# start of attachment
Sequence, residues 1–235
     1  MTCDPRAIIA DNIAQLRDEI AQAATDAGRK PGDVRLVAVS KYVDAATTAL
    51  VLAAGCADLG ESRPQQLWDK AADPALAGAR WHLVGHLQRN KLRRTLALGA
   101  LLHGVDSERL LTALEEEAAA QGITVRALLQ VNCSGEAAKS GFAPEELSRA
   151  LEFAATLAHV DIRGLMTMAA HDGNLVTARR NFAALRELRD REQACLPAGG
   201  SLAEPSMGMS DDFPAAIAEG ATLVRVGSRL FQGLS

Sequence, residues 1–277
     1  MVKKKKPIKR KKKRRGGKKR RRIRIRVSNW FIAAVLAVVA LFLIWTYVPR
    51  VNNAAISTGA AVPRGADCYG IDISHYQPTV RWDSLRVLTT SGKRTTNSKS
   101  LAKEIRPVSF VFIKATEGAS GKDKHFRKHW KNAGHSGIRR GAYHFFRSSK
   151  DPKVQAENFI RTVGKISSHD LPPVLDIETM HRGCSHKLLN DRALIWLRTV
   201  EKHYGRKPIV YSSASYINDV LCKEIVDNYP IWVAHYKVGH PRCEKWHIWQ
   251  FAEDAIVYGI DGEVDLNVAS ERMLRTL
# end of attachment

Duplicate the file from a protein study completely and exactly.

Sequence, residues 1–235
     1  MTCDPRAIIA DNIAQLRDEI AQAATDAGRK PGDVRLVAVS KYVDAATTAL
    51  VLAAGCADLG ESRPQQLWDK AADPALAGAR WHLVGHLQRN KLRRTLALGA
   101  LLHGVDSERL LTALEEEAAA QGITVRALLQ VNCSGEAAKS GFAPEELSRA
   151  LEFAATLAHV DIRGLMTMAA HDGNLVTARR NFAALRELRD REQACLPAGG
   201  SLAEPSMGMS DDFPAAIAEG ATLVRVGSRL FQGLS

Sequence, residues 1–277
     1  MVKKKKPIKR KKKRRGGKKR RRIRIRVSNW FIAAVLAVVA LFLIWTYVPR
    51  VNNAAISTGA AVPRGADCYG IDISHYQPTV RWDSLRVLTT SGKRTTNSKS
   101  LAKEIRPVSF VFIKATEGAS GKDKHFRKHW KNAGHSGIRR GAYHFFRSSK
   151  DPKVQAENFI RTVGKISSHD LPPVLDIETM HRGCSHKLLN DRALIWLRTV
   201  EKHYGRKPIV YSSASYINDV LCKEIVDNYP IWVAHYKVGH PRCEKWHIWQ
   251  FAEDAIVYGI DGEVDLNVAS ERMLRTL